Growing up I loved cartoons. I loved to read them and draw them. Strips and panels. Bloom County, Doonesbury, The Far Side. Editorial cartoons. I could not stand comic books. Super heroes, monsters, ridiculous teenagers. None of this held any appeal for me.
When I met David Lasky, he introduced me to comics the likes of which I had never seen. These comics tackled social injustice, politics, history, and (ahem) adult themes. David's own comics followed his own interests. He drew biographical works on James Joyce and John Lee Hooker (a sample of which can be seen here). He drew a (very) miniature version of James Joyce's Ulysses.
After leaving college, he went to Seattle and found a circle of young comic book artists drawing and publishing their own work. In 1993, David won a grant from the Xeric Foundation (established by Peter A. Laird, co–creator of the Teenage Mutant Ninja Turtles) to self–publish his comic "Boom Boom." With this nudge, "Boom Boom" left its "mini–comic" format, put on a color cover and began to take on its mature form as part history, part graphic novel, part surreal cartography. David choose the comic layout of Jack Kirby (creator of the Hulk, the Fantastic Four and Captain America) for the James Joyce biography in Boom Boom #2. Throughout the 90s, Pulse magazine (a publication of Tower Records) published a series of David's comic biographies and musical impressions (a sample appears on his website). These full page cartoons are a collage of image, text and story that stretches the limits of comic art and becomes a kind of visual essay. Those featured included Beethoven, Bob Dylan and legendary saxophonist Lester "Pres" Young. David's contribution to the comic anthology "Two–Fisted Science" chronicles the life of physicist Richard Feynman during his time with the Manhattan Project at the Los Alamos National Lab.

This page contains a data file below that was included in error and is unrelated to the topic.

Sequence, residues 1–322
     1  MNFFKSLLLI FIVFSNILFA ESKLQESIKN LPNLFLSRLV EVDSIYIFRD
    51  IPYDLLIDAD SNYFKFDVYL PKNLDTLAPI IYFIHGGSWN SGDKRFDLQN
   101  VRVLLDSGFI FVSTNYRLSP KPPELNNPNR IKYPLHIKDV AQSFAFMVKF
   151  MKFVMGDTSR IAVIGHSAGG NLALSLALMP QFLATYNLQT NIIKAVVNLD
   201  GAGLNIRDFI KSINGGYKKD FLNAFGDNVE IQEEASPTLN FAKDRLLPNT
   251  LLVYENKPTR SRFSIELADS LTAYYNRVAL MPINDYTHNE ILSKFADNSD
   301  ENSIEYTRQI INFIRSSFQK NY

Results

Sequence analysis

David continues to push the boundaries of traditional comics in his recent collaboration with humorist Greg Stump called "Urban Hipster" (published by Alternative Comics) which was nominated in 1999 for the Harvey Award for best new series. A sample of David's minimalist adaptation of Edgar Allen Poe's "The Raven" can be found here.
The one thing I have learned to expect from each of David Lasky's new projects is to expect the unexpected. Nothing is like anything that came before it. From all indications, we have a lot to look forward to.
The David Lasky Interview
1. When I first became involved with the IAF and their mission of identifying artists who "cross borders" was made clear to me, I immediately thought of the Yahoo! discussion group you ran for years called "Comics as Fine Art." What was your inspiration for starting this discussion?